Homelessness Property Funds Social Impact Report 2021/22
THIS FUND IS FOR INSTITUTIONAL AND CERTIFIED SOPHISTICATED INVESTORS
At the initial outbreak of the pandemic, the rough sleeping community were some of the most vulnerable people at risk. In a matter of days, councils and homelessness charities across the UK successfully managed to get thousands of people off the streets and into safe, temporary accommodation.
With 11,018 people sleeping rough in London in 2020/21, partners across the social investment sector came together to bring new capital into social investment property funds that would provide long-term housing solutions, with the Mayor of London prioritising the creation of long-term social rented homes, available at affordable rent levels.
In March 2021 the Resonance Everyone In fund was created in just a few short months, launching with £12.5m in seed investment from the Mayor of London (Greater London Authority, GLA) and Big Society Capital. The fund had an ambition to raise £15m in investment but this target was quickly exceeded following additional investment from four new investors: Trust for London, Monday Charitable Trust, a foundation and a high net worth, taking the final fund size to £16.5m.
The fund partnered with leading social justice charity and housing provider Nacro, who secured four-year funding from the GLA, to provide tenants with a wraparound support service, enabling them to maintain their home, set down community roots, address any addiction, mental or physical health support needs, and re-engage with education or employment. This will enable more people to leave rough sleeping behind and live in supported accommodation.
Properties were chosen with Nacro to ensure they would meet the needs of tenants. Once purchased and refurbished, including enhancement of their environmental credentials, they were handed over to Nacro. The housing team at Nacro were responsible for furnishing each property, ensuring they were homely, practical and welcoming for tenants when they moved in.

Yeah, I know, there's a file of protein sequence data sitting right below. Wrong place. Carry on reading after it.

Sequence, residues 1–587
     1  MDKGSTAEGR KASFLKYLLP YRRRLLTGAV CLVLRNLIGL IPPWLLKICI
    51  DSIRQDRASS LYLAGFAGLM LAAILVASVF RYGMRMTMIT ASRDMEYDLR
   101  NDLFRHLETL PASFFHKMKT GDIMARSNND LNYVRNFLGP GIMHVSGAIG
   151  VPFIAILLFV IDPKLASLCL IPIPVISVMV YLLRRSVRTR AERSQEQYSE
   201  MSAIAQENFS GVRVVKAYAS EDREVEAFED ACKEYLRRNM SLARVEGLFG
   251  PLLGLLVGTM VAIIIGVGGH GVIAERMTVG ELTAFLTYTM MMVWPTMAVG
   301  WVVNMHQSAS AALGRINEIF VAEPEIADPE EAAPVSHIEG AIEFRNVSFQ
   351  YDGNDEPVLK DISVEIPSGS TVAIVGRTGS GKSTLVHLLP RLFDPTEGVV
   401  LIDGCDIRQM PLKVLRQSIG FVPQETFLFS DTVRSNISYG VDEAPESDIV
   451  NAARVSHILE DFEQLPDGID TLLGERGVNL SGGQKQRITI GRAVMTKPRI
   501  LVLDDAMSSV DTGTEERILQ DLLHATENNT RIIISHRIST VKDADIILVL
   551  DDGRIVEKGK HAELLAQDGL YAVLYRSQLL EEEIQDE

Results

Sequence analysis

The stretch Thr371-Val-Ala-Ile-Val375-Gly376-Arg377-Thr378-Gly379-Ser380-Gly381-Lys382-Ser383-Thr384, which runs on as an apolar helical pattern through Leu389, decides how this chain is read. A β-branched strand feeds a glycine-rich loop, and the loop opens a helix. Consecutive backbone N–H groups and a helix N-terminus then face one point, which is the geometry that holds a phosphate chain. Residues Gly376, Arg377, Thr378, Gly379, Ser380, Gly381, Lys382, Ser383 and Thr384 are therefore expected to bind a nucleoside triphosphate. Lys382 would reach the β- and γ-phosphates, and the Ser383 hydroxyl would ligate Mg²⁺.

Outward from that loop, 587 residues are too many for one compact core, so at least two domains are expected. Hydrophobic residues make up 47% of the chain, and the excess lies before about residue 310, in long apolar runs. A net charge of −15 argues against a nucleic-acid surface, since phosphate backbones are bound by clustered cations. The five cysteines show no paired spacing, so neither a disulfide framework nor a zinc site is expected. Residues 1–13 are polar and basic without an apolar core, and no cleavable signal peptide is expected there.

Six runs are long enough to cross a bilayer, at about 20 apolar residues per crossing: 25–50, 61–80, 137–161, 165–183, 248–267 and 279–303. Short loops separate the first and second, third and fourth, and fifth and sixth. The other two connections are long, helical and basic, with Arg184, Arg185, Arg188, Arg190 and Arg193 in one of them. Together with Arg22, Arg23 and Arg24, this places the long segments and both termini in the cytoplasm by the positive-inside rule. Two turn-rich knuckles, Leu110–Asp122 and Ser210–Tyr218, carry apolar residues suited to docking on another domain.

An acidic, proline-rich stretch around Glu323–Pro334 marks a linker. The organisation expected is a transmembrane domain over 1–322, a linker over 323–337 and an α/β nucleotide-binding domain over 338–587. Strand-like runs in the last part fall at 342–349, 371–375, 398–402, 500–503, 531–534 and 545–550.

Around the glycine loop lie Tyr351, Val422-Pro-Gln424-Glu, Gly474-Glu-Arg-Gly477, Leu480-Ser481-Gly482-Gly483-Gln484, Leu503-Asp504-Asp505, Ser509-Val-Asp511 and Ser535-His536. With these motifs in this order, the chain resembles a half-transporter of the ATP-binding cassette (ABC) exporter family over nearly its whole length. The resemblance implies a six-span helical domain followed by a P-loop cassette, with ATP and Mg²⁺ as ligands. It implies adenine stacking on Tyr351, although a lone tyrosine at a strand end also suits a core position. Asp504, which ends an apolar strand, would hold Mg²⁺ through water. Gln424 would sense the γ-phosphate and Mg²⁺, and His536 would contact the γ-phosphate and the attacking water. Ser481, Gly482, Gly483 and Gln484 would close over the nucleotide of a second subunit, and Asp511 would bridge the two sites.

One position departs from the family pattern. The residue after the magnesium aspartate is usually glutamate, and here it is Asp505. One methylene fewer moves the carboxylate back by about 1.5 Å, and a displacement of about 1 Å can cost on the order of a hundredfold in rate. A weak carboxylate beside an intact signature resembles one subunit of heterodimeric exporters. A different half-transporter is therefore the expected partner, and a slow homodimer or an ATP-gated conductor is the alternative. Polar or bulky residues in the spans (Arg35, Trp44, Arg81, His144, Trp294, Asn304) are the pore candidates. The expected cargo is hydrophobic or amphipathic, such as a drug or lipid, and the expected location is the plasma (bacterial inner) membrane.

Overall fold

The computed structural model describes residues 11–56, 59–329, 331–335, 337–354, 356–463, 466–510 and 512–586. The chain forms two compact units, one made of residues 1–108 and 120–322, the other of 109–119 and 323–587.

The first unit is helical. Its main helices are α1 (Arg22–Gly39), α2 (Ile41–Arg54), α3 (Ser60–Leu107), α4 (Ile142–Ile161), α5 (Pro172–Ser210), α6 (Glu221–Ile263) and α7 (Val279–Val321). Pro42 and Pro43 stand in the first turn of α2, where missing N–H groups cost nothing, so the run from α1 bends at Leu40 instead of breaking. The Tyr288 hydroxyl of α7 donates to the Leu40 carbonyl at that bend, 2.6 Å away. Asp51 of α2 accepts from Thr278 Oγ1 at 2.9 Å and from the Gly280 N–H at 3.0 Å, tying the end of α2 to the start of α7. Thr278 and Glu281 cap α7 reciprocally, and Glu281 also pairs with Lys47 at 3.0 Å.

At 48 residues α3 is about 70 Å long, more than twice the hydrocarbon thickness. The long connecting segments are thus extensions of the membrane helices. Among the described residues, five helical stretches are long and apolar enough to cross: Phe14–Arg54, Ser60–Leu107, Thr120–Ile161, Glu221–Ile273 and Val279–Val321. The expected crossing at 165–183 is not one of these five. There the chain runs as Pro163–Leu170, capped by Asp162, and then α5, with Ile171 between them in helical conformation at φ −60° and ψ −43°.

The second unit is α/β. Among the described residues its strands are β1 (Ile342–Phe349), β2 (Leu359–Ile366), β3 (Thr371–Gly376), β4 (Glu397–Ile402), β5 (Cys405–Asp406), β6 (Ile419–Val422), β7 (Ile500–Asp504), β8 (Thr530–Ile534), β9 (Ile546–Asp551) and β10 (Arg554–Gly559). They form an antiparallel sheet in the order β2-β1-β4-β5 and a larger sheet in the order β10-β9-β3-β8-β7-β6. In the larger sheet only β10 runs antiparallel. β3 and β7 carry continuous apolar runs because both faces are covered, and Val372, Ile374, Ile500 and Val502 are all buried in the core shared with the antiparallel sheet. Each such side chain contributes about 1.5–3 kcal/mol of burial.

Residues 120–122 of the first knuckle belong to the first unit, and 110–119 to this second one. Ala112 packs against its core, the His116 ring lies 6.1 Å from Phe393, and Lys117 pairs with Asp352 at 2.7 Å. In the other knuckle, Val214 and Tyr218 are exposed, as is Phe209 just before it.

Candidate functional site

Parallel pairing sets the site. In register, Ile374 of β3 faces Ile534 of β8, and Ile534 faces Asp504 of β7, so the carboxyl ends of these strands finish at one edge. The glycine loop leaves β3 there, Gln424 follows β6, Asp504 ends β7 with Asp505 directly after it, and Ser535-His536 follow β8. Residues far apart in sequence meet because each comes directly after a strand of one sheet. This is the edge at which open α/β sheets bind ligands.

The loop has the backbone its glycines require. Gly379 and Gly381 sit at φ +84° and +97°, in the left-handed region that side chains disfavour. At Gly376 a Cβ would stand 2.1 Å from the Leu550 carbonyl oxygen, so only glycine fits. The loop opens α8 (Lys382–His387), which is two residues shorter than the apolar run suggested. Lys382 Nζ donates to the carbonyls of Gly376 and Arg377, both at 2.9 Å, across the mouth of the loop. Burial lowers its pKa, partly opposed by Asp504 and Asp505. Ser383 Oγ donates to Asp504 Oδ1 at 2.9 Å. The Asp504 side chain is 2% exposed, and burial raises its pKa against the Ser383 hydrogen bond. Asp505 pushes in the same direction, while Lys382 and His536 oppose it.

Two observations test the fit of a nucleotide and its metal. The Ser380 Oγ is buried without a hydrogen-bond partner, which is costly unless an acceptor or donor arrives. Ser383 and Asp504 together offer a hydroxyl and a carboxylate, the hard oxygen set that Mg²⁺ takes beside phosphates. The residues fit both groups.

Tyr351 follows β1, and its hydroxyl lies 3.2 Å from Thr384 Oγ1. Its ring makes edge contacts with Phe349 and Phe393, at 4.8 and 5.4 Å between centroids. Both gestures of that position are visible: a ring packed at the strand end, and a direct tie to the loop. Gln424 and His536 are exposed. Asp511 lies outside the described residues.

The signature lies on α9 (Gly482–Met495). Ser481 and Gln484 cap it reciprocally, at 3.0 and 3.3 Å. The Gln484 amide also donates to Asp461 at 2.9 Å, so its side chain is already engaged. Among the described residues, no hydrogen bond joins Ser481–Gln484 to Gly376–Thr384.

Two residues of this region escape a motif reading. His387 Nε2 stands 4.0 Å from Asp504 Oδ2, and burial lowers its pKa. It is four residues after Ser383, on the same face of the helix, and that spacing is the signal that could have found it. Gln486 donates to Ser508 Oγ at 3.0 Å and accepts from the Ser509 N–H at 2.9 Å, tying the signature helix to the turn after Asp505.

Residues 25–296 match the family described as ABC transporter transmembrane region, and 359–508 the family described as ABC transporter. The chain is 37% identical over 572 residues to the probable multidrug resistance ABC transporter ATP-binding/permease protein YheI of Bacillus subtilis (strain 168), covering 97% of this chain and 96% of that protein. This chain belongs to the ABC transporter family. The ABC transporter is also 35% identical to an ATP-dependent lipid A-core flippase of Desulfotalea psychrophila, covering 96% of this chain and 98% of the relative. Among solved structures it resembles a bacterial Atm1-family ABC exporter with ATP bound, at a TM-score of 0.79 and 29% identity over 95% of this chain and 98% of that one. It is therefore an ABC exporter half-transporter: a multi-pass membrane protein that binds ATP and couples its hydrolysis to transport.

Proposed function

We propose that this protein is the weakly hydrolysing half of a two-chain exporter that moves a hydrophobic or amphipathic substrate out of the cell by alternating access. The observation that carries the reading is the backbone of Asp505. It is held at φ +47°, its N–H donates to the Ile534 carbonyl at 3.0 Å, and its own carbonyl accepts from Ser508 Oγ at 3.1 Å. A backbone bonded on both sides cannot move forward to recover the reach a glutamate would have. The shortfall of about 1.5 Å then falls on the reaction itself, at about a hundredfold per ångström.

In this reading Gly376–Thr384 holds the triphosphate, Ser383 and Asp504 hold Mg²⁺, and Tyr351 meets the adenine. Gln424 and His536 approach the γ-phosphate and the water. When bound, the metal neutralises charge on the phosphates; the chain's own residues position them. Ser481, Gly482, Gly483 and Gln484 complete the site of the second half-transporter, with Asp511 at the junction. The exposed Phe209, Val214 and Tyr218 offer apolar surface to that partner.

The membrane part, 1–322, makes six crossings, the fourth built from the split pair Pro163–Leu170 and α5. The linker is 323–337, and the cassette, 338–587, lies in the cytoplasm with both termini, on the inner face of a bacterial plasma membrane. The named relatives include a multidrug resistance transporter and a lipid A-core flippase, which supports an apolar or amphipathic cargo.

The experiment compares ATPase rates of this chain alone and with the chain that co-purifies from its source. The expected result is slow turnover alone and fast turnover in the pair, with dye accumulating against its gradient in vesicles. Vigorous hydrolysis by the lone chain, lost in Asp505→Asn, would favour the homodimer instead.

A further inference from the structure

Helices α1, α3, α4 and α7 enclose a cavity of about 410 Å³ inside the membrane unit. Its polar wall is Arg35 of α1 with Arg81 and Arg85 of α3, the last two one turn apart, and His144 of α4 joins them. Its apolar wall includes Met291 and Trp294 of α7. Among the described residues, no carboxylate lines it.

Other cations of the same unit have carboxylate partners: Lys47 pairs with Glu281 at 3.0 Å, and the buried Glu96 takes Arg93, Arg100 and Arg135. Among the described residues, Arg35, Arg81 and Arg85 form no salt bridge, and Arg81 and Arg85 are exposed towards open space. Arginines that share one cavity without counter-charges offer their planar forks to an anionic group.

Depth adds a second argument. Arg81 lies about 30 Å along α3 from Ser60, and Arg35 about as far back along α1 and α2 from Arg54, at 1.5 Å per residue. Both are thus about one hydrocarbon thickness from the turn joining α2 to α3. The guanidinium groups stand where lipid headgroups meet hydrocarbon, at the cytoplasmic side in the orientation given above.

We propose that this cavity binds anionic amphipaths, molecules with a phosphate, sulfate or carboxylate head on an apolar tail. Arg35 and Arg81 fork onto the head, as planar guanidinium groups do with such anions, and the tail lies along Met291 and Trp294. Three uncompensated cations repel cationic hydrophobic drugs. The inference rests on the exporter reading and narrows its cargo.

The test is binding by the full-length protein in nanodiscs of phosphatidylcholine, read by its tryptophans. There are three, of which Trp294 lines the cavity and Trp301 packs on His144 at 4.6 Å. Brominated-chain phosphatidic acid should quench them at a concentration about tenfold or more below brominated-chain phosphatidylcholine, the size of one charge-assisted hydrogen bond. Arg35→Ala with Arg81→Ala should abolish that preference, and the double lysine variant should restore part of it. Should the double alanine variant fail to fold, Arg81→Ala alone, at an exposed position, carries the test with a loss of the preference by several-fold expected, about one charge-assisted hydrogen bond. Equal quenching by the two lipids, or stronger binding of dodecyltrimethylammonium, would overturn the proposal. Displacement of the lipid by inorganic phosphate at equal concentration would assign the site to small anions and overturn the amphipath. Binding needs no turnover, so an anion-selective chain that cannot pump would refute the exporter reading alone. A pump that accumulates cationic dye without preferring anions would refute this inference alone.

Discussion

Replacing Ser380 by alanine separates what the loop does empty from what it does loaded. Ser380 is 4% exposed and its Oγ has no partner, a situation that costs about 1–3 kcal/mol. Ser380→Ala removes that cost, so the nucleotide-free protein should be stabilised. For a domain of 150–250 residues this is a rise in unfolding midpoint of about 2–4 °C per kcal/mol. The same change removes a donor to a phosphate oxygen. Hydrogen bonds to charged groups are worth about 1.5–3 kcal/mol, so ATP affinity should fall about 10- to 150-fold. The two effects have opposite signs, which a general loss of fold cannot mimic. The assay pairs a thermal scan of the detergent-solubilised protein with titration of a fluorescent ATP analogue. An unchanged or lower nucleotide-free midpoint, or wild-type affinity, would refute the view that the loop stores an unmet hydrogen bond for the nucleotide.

The fund’s aim was to purchase 50 one-bedroom properties in London to provide around 200 rough sleepers with a refurbished, decent and settled home over its lifetime. However, it exceeded this, acquiring 56 homes and so far, housing 50 tenants. Once refurbishment has been completed, the final 6 properties will be handed over to Nacro for furnishing and then housing tenants.
The fund seeks to offer investors a commercial risk-adjusted return on their investment, including both rental yield and capital appreciation on properties. Risk is reduced as investors benefit from a widely diversified portfolio leased on fully repairing and ensuring ten-year leases effectively enabling our housing partners or service providers to underwrite the operational maintenance, management and void risks. Please remember if you invest in this fund, your capital may be at risk.
This fund is now closed to investment.
Mayor of London, Sadiq Khan: “A secure, long-term home should be a basic right for every Londoner, but a decade of austerity and the economic crisis created by the pandemic means far too many people have found themselves on the street or in temporary accommodation.
“My teams and their charity partners are working around the clock to help the most vulnerable people to work towards a life off the street – but this is only possible if there is high quality, affordable accommodation available at the end of their journey. The work being carried out by Resonance and Nacro will create the homes our fellow Londoners deserve and ensure they have access to the support they need to rebuild their lives.”
Simon Hughes, Head of Housing and Support at Nacro: “We know Rough Sleeping has a devastating impact on communities, people’s lives, health and future so we are delighted that the Resonance Everyone In fund is on target to acquire homes where Nacro can deliver the support to enable people to thrive and move towards lasting independence away from the street. Holding on to a home in these difficult times is a vital step in helping people to move on with their lives.”